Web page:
From here on in, you can keep improving your app by:
- Minimizing the size of your Docker image using multi-stage builds.
- Cleaning-up your repository. Model files shouldn’t be committed but stored in a storage service (e.g. Google Cloud Storage or AWS S3)
- Adding a Continuous Integration / Continuous Deployment (CI/CD) pipeline
so that any change on Github is automatically reflected on your
deployed app. I often use Github
Actions for this (e.g., any
change in the
masterbranch is deployed automatically).
- Improving security! Make use of Docker args or
.envto secure API tokens, passwords, and whatnot. Ideally you shouldn’t be committing any secrets on Git (it can still be recovered if you deleted it!). Be careful!
Lastly, I highly-recommend the following resources for general guidance:
- The Twelve Factor application: this is a set of principles to guide you in building industry-grade applications. As you can see, we haven’t covered concurrency, dev/prod parity, and logs in this post.
- Designing Data Intensive Applications by M. Kleppmann: a pretty good textbook for learning various architectures and first-principles in building more complex apps. As it turns out, ML is quite complex in a software standpoint— you need to worry about concept drift, ML testing, data version control, and more! I think this book gives you the handle to solve such difficult problems.
- PEP8 Style Guide for Python Code: most of us write in Python, so it’s good to learn idiomatic ways to speak the language. This guide can help ensure that you’re writing “good” Python code.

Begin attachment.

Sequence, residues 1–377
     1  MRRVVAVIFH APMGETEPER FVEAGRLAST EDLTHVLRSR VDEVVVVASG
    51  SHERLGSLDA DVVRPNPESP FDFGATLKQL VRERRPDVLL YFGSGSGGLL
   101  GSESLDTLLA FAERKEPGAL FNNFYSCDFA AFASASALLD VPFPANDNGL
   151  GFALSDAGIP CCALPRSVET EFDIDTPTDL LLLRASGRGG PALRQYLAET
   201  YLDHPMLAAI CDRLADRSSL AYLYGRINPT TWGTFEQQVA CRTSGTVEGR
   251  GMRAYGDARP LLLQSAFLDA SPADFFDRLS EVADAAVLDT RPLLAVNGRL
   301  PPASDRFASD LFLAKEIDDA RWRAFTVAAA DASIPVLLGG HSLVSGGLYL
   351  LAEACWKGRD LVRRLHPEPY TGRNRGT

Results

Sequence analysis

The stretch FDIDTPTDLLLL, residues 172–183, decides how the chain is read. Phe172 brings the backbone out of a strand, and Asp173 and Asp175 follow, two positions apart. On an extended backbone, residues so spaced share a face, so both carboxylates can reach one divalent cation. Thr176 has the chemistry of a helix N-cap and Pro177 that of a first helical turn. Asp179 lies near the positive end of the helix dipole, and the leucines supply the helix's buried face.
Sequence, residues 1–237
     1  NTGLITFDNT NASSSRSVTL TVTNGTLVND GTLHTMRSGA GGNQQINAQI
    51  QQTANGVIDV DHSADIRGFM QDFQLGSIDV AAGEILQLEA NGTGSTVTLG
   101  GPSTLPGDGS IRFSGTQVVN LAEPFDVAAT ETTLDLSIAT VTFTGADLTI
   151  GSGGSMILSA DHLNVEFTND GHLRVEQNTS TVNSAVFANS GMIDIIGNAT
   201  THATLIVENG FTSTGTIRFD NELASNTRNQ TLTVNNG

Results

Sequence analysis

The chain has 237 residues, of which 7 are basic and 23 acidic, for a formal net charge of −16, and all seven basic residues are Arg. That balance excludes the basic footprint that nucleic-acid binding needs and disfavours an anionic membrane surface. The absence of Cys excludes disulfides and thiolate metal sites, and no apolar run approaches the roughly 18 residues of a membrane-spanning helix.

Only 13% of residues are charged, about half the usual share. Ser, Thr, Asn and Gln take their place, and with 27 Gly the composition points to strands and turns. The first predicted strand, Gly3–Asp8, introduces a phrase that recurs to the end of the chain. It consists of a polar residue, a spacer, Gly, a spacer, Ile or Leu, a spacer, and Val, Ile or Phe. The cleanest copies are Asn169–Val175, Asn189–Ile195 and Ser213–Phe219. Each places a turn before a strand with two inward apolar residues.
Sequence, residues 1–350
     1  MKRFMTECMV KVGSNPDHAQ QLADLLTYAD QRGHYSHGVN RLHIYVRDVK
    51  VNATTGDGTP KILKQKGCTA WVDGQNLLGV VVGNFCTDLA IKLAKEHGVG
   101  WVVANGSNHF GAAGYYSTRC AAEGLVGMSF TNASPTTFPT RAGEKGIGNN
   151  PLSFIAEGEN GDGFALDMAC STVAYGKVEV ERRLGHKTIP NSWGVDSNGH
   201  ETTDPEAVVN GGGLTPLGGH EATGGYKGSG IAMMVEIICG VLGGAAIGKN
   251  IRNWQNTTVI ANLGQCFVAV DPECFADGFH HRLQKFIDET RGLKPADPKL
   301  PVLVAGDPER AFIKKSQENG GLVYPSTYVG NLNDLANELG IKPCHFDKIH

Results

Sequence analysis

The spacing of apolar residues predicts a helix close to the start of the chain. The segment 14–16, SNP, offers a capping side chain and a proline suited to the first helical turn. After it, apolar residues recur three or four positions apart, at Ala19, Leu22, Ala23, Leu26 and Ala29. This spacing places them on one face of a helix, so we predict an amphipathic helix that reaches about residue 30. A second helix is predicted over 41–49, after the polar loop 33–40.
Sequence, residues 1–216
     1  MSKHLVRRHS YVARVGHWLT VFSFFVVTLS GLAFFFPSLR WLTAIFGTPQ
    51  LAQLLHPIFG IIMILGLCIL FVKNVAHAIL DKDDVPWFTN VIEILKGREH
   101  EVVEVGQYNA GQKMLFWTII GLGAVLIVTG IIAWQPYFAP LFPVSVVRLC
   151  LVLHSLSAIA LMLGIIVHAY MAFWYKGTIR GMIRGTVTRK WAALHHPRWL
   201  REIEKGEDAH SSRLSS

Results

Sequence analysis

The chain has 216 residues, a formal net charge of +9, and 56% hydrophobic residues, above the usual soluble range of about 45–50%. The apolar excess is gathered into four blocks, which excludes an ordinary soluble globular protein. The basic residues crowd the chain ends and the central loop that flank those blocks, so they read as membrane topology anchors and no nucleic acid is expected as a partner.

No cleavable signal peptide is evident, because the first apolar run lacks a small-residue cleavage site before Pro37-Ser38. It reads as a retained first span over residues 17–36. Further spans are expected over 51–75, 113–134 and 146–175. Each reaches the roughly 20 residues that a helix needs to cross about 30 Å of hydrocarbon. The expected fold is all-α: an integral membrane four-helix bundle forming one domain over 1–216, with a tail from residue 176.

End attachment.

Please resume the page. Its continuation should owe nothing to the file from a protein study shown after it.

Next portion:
- Fluent Python by L. Ramalho: a good book for advanced Python users. This is a good book that made me appreciate the standard library more!
- Object-oriented programming (OOP), Functional Programming (FP) and design patterns: I think that OOP is a good handle for writing most ML applications. Of course, not everything should be a class. Functional Programming (FP) is also a good framework, and some of its principles can help us write cleaner and more testable code.
- Why didn’t you include X? You should include X: I try to make the roadmap as overarching as possible to allow some wiggle room for technology X. I think that if I write down all possible tech and processes, then this can blow up into a book (hmm…)!
- Is this for data scientists or ML Engineers?: To be honest, the roles are quite blurred across the industry. I often see this profile of a good researcher who can code and produce good models, but the code cannot easily be deployed to production. I see myself writing for them!
- I am an academic, will this be useful?: I absolutely believe so! Open science runs on the idea of reproducibility— not only your paper is accessible, but also the ingredients and the process from which your results were generated. I think learning Docker or properly modularizing your code can go a long way.